Being a part of a Community

iridescent graphic design graduating class part of a community

When you’re a freelance designer life can get a little lonely, if you let if. Left in solitude work will suffer. Design, like most pursuits of mankind, cannot be done alone. That’s why your success as a freelance designer actually depends a great deal on how much you work with others.

I understand the nature of working as a freelancer means you are alone, but I’ve found it a lot more enjoyable and productive when you surround yourself with a community of likeminded, creative people. Whether that’s just been sitting in a café with my two best friends (an architect and a filmmaker), our small table cluttered with three laptops, mice and empty coffee cups, or being a part of the wider design community which is constantly growing in Canberra.

At university I’m a part of a group of students who spend far-too-much-time in the studio and stay far-too-late into the early morning, we call ourselves The Brains Trust. The Brains Trust is more than the group of dishevel, stressed out, junk food devouring students who may-not-actually-have-a-home, than we appear to be. Brains Trust is, well, what the name suggests; we help one another, give feedback, critique, tutorage and entertainment. We’re a group of friends, of family, and together we produce vastly better work than we ever could have alone.

Beyond this is my involvement with the Graphic Design Club, as the president I have access to the wider community of UC graphic designers, and beyond this, The Good Design club (Canberra’s Graphic Design club), AGDA (the Australian Graphic Design Association) and the DIA (the Design Institute of Australia). Each one of these organisations run events which bring the community together, create contacts and provide interesting speakers with a wealth of knowledge.

The DIA is great for this, last month I attended the first 5×5 night of 2014. This great event brought a crowd of designers for all different fields in Canberra together and we listened to 5 speakers on a variety of topics. They spoke of being fashion designers influenced by Japanese poets, town planning, the long term impact of building things, event planning, and fluid office spaces. Although none of which is directly relevant to my field, the message and stories of unlikely success were an inspiration.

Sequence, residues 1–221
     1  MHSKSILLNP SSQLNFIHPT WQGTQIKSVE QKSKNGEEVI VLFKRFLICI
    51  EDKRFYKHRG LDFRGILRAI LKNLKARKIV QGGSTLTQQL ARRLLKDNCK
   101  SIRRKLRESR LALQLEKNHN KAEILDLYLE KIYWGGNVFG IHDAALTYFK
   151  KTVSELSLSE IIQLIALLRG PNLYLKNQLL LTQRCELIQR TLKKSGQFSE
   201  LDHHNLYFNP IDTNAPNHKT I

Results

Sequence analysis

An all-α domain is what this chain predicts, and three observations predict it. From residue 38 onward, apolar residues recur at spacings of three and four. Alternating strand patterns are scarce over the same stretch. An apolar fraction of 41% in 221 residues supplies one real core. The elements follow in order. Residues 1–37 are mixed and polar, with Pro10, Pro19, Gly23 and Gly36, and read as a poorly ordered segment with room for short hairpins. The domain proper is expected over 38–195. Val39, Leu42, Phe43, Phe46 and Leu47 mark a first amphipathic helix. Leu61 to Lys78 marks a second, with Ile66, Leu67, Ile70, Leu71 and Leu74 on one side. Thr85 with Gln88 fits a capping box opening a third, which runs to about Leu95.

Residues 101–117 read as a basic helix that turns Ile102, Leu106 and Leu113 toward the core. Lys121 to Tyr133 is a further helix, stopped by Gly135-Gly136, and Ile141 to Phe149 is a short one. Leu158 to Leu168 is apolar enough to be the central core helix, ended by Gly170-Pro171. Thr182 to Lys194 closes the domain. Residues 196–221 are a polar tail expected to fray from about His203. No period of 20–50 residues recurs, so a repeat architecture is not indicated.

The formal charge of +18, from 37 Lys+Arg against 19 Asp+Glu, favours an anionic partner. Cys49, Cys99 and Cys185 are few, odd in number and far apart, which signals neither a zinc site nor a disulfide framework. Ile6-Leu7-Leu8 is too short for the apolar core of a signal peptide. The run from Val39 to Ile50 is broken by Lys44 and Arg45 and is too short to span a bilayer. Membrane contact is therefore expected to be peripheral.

Online I find a community of Australian graphic design students in The Design Kids, a website I follow and share what’s happening in the Canberra scene as a site contributor. Additionally I run my own blog on Canberra’s street art, CBR Street Beat, bringing the low-brow street and arts culture together and sharing with whoever will listen.

I also keep up to date with design online through websites like Medium, A List Apart and Smashing Magazine as well as follow and read my favorite designers including Nicholas Felton, Ellen Lupton, Jessica Walsh and Jan Cavan to name a few.

Perhaps a need for community isn’t true of everyone, I’m sure there are many freelancers out there who do amazingly completely solo. I however have found that everything in life is better when you have people to share it with, and so I try to branch myself as far as possible, meet as many creative people I can, become inspired, and hope to inspire others.

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